a. Synoptic History
The origin of Gustav is tracked back to an area of disturbed weather
that moved from Africa to the Atlantic Ocean on 24 August accompanied
by a low-level cloud circulation. This was the third of three closely-spaced
tropical cyclones which included Hurricanes
Edouard and Fran.
The disturbed weather gradually became better organized and a
formed from this weather on the 26th just south of the Cape Verde Islands. The
best track begins on the 26th,
as indicated in Table 1 and
Fig. 1 (32K GIF).
The depression moved west-southwestward at about 12 knots for two
days, under the steering of a ridge of high pressure to its north.
The motion turned toward the northwest on the 28th in response to a
mid Atlantic trough. The trough became a cut-off low which continued
to steer the storm northwestward for about five days, after which
dissipation occurred. The maximum intensity of Gustav is estimated at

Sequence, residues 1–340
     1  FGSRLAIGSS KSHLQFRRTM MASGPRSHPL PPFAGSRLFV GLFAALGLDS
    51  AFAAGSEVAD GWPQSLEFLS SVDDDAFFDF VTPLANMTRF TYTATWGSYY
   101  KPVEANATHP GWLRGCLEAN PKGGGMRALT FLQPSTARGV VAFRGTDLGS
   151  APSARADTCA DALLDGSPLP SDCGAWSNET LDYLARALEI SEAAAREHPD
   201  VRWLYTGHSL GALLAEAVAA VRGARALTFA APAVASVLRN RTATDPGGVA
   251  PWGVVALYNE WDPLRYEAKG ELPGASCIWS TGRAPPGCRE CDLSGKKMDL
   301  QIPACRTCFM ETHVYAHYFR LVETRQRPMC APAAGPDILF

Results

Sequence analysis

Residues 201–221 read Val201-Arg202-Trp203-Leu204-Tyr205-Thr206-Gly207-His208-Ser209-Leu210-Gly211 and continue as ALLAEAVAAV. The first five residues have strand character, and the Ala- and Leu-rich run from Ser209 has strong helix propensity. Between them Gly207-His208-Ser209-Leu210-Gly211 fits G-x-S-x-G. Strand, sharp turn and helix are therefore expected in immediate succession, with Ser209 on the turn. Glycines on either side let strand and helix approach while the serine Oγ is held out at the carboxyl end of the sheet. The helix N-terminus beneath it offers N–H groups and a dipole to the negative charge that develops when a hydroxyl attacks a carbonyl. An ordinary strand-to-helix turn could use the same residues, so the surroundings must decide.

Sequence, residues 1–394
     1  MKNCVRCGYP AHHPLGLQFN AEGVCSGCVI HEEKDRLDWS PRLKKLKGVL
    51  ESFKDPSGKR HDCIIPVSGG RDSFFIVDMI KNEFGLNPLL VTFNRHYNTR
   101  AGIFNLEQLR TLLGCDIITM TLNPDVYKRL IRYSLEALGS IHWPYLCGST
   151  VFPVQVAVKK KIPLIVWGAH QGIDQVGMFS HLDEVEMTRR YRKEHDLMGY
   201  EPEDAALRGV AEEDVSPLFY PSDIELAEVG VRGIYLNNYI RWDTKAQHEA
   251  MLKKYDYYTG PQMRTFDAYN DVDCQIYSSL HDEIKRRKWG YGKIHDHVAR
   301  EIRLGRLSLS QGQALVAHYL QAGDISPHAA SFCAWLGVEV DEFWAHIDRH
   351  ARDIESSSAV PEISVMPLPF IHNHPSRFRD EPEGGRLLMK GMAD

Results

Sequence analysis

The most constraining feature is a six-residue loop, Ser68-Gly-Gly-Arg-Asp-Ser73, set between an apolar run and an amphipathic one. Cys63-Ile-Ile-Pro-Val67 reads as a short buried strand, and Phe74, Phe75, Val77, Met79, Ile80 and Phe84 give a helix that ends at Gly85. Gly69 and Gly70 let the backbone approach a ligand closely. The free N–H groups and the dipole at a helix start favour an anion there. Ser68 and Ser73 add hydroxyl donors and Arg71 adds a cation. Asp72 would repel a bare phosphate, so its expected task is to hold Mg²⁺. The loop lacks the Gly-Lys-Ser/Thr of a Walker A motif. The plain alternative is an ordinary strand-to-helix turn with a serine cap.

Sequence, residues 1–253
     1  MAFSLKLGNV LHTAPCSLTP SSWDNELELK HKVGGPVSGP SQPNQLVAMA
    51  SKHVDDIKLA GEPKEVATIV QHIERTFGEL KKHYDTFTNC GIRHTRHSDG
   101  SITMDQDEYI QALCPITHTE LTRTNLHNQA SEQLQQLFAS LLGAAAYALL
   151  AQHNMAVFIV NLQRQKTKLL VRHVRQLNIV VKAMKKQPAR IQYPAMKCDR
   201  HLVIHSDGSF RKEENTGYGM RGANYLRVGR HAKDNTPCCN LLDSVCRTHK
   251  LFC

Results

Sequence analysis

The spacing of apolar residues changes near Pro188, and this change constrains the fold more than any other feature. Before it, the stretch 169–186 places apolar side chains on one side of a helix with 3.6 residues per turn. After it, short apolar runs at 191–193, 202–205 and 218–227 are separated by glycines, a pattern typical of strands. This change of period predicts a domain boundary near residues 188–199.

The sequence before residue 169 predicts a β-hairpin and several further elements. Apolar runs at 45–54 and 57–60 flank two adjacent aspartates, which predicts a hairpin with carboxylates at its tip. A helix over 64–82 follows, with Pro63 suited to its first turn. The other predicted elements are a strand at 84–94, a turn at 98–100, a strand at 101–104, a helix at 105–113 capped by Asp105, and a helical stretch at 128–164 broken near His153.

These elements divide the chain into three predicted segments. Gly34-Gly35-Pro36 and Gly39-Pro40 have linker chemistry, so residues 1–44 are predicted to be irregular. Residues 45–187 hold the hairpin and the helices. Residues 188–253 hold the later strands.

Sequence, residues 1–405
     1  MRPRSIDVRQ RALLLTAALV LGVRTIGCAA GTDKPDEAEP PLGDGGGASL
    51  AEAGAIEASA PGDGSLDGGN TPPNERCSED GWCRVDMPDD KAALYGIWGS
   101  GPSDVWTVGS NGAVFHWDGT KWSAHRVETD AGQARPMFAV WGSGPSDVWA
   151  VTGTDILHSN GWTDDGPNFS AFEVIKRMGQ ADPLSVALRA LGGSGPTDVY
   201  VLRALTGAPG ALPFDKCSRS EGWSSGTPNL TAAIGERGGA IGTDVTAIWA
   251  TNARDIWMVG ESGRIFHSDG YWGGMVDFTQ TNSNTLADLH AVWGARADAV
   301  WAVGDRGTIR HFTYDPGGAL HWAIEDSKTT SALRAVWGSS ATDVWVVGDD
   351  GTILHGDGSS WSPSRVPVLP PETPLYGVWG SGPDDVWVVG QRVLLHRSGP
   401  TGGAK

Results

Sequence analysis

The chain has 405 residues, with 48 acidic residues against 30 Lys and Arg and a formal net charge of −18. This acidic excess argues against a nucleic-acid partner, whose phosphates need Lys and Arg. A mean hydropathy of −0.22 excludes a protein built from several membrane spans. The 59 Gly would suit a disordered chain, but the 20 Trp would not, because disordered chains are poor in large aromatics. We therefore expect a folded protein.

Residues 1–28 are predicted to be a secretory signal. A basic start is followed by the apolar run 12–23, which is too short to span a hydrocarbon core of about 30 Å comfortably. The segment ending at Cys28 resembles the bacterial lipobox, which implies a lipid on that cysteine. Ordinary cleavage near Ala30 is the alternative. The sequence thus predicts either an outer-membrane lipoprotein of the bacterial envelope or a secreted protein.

40 knots on the 29th. A limiting factor in the storm's development
was originally the outflow from Hurricane Fran which interfered
with the organization of convection during the 26th and 27th. Then the
cut-off low mentioned above produced a shearing environment which
eventually led to Gustav's dissipation on the 2nd of September.
b. Meteorological Statistics
Figures 2 (27K GIF)
and 3 (28K GIF)
show curves of minimum sea-level pressure and maximum one-minute surface wind
speed, respectively, as a function of time. Satellite data plotted in these
figures is based on the Dvorak satellite
intensity estimating technique as applied at the
Tropical Analysis and Forecast Branch (TAFB), the
Satellite Analysis Branch (SAB) and the
U.S. Air Force Global Weather Center
(AFGWC). There were no ship reports of tropical storm
force winds in association with Gustav.
c. Casualty and Damage Statistics
Gustav remained in the central tropical Atlantic Ocean during its
existence and did not affect land.
d. Forecast and Warning Critique
The average official track forecast errors for this storm ranged from
64 nautical miles at 24 hours(14 cases) to 157 miles at 72 hours(6
cases). These values are considerably smaller than the previous 10-year
average of official track forecast errors which range from 93
nautical miles at 24 hours to 273 nautical miles at 72 hours.
On the 28th and 29th, there were several official forecasts that
brought the wind speed to 60 knots in 72 hours. Since this
strengthening failed to materialize, there was a positive bias to the
official wind speed forecast errors.